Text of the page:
Minimizing radiation exposure to the newborn is especially important, since the younger the child, the more sensitive their tissues are to the effects of radiation. However, in the complex medical scenario described, imaging is often vital to proper medical treatment. In a premature infant, chest radiographs are often necessary to make sure that life saving lines and tubes are in the proper place, and brain imaging is often needed to make sure that there is no brain injury that might need special treatment. Again, it is a balance between medical need and the very small future risk that most experts think exists for medical radiation. As far as her individual increased risk of getting cancer as she gets older, it is much smaller than the risks that we take every day, such as driving a car.

Is there an increased risk of cancer from medical radiation, especially CT scans?

While no one can point to a single individual and say that their cancer was caused by medical radiation, there is increasingly strong evidence that exposures to radiation levels found during some scans may slightly increase the risk of future cancer. The estimated risk for developing cancer is variable, but for every 1000 children undergoing a single CT scan of the abdomen for example, there will be 1 cancer caused by CT (risk of 1 in 1,000). This needs to be interpreted against the risk of developing cancer over one’s lifetime. For those same 1,000 children, 200 will eventually develop cancer regardless of exposure to medical radiation (risk of 1 in 5). So the additional risk is small, but the best available research indicates that there is in fact some risk.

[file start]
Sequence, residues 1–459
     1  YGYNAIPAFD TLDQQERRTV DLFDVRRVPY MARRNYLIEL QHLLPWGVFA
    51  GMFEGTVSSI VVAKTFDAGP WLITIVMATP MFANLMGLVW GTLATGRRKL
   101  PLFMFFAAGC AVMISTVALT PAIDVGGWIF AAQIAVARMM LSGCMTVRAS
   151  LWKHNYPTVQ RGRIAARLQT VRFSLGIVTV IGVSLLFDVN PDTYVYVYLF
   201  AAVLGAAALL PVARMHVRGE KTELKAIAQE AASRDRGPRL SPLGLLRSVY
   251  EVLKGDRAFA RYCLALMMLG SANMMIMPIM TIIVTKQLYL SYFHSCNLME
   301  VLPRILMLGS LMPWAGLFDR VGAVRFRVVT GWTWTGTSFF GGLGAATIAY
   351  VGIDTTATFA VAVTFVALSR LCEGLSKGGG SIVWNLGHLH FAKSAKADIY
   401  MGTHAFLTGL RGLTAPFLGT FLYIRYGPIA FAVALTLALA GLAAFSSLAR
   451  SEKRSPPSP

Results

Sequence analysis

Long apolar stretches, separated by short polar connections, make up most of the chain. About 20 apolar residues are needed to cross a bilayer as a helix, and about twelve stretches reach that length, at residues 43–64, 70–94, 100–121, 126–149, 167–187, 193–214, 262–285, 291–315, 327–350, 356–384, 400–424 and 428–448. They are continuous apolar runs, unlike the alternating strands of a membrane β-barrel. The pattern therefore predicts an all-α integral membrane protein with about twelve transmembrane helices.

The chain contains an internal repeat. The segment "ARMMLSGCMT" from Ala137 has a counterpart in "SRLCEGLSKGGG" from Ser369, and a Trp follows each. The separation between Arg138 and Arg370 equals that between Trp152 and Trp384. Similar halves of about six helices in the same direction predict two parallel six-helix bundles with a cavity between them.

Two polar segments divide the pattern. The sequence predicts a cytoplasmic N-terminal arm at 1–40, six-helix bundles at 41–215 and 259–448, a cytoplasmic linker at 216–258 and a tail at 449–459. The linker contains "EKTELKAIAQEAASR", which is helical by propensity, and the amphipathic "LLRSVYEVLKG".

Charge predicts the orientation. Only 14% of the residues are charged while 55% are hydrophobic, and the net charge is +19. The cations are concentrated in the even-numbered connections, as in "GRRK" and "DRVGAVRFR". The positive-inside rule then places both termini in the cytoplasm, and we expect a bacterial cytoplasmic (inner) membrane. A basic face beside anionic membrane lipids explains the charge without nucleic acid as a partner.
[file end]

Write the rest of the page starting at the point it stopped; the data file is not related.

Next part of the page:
If children are much more sensitive to radiation than adults, is it appropriate to use examinations like CT in children?

Lower doses are frequently warranted in children because of their smaller size and because they have a longer life expectancy than do adults, which may enable tumors with long latency to develop. For a body CT scan of a baby, the amount of radiation used should be approximately 20% of that used for an adult.[6] Appropriately adjusting the radiation dose for children has been a major area of focused attention and improvement over the past 10 years. The “Image Gently” campaign, which Children's Mercy has pledged to, as well as other efforts have been effective at bringing this issue to the attention of the imaging community, referring physicians, and parents of our patients. 

Why Use Imaging Services at Children's Mercy?

Some hospitals and imaging facilities that perform radiologic scans on adults use the same techniques when scanning children. Children's Mercy is a pediatric-specific facility that uses imaging instruments dedicated to imaging children. All our CT scanners are state of the art and recently purchased, and are accredited by the American College of Radiology (ACR), as are our technologists and radiologists. 

Accredited by the American College of Radiology
To achieve the American College of Radiology (ACR) standard of accreditation, our facility's personnel qualifications, equipment requirements, quality assurance, and quality control procedures have gone through a rigorous review process and have met specific qualifications. It's important for parents of our patients to know that every aspect of the ACR accreditation process is overseen by board-certified, expert radiologists and medical physicists in advanced diagnostic imaging. In short, accreditation of our imaging facility entails:

  • Our facility has voluntarily gone through a vigorous review process to ensure that we meet nationally-accepted standards of care.
  • Our personnel are well qualified, through education and certification, to perform medical imaging and interpret your child's images.
  • Our equipment is appropriate for the test or treatment your child will receive, and our facility meets or exceeds quality assurance and safety guidelines.

Resources for Patients and Families

Provider Resources

The articles below are part of the Image Gently Campaign and inform clinicians about commonly requested, but misunderstood, imaging studies.